1 Council Journal, 5th session, 214: made by W. E. Moore, Nov. 1, 1858.

generous regard for the highest public good, have
characterized his administration. The Territory of Ne-
braska stands today on a moral and legal position far
higher, more honorable, than ever before. We have now
a complete, wise, and well regulated system of laws; indi-
vidual and public rights can, and henceforth will be vindi-
cated and wrongs punished. For all this, how largely are
we indebted to Governor Richardson, to his wholesome
and timely advice and direction. He goes from our midst
carrying the sincere regrets of every class of our citizens,
that the pleasant and useful public and private relations
which he has in so short a time so firmly established, are
to be severed amid all the shifting scenes of life. He will
carry with him the gratitude of this whole people for the
great good he has done us and our posterity, and our
hearty wishes for his prosperity and welfare, will attend
him in all time to come.

The governor's exposé of the territorial banks was amply sustained by a minority report of a committee, recommending the repeal of four of their charters, while the majority suggested the repeal of all, unless their cases were to receive the attention of the courts.

ACTING-GOVERNOR HON. J. STERLING MORTON.

Dec. 5, 1858 to May 2, 1859, and Feb. 24 to May 15, 1861.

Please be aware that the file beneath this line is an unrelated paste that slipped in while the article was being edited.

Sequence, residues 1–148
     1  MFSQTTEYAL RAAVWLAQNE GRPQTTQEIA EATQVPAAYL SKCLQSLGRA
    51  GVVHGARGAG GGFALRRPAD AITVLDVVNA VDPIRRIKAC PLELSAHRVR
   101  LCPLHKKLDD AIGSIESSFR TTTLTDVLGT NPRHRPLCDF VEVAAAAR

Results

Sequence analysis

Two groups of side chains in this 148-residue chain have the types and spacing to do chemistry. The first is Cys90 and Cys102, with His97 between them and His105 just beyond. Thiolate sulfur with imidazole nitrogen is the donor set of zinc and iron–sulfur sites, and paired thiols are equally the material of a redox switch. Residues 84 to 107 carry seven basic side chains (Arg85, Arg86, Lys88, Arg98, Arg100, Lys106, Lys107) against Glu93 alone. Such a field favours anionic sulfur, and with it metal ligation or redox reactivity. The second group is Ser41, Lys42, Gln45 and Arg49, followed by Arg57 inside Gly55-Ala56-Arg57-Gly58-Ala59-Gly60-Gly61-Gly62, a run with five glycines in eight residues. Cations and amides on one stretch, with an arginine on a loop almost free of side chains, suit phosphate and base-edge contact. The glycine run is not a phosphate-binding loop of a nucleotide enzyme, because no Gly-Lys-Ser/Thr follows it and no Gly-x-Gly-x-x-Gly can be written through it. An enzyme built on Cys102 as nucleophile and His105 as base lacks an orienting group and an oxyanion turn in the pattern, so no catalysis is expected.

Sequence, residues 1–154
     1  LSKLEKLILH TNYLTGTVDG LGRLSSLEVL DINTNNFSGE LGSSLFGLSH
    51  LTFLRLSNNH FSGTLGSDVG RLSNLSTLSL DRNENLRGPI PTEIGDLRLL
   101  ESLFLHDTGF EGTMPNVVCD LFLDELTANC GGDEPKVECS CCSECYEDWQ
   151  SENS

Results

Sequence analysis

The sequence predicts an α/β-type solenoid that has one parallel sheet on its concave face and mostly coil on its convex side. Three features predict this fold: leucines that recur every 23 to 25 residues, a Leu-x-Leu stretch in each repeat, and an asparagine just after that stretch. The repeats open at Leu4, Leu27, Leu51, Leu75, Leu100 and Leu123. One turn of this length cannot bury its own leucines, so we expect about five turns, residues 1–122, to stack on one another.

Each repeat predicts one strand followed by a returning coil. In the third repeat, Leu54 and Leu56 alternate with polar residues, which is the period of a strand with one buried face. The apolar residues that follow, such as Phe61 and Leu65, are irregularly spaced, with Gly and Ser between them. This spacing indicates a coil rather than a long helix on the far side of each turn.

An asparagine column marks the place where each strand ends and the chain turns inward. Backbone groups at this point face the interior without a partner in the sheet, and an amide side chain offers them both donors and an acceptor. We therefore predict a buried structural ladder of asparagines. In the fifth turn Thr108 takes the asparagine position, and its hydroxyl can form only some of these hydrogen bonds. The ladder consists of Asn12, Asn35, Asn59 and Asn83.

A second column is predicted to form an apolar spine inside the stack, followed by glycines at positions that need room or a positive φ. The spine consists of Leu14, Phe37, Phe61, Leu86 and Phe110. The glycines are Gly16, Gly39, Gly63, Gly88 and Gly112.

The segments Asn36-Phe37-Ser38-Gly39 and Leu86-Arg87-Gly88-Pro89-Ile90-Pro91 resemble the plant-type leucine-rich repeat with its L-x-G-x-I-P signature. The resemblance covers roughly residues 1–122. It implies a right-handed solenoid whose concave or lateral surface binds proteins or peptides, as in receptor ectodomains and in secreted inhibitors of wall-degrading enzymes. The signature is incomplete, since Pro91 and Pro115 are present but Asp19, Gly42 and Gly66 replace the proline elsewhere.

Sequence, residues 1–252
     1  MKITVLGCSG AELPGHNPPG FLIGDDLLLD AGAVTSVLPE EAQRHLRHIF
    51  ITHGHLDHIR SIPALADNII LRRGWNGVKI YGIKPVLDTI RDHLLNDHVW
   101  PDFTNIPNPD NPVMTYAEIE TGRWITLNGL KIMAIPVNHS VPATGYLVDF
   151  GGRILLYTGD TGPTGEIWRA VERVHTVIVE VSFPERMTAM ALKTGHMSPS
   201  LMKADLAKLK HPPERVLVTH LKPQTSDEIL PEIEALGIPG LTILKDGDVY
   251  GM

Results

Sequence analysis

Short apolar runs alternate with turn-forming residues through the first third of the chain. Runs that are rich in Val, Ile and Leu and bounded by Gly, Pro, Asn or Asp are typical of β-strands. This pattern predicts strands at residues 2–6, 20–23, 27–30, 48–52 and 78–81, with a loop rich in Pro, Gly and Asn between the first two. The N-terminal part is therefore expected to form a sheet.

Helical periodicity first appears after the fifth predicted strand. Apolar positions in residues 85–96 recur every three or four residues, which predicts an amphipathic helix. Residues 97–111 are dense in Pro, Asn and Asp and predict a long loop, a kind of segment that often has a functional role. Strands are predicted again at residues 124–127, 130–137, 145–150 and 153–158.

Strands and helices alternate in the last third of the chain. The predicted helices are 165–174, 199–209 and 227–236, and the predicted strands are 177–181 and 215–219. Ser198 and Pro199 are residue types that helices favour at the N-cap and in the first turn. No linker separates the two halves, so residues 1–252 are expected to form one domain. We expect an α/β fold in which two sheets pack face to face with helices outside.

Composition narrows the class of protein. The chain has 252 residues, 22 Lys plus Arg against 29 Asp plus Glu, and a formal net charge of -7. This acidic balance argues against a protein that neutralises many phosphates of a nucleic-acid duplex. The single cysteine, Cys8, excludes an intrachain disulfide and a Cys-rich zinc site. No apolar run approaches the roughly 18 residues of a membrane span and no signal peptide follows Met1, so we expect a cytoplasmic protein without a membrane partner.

Hon. J. Sterling Morton' came to Bellevue, Nebraska Territory, November 10, 1854, and on April 12, 1855, removed to Nebraska City, where he established his permanent home.

By the appointment of President Buchanan he became secretary of the Territory July 12, 1858; which office he held until succeeded by A. S. Paddock, under the administration of Abraham Lincoln. At the date of his arrival, he was only twentytwo years of age, having been born in 1832. No young man ever came to the territory better prepared for a useful and honorable career. Having enjoyed the advantages of Michigan University, and having received his final diploma from Union College, New York, and being endowed with a fine command of language, with the fancy of a picturesque writer, and the aggressive style of the ready debater and orator, journalism and politics offered inducements in the line of his capabilities and taste.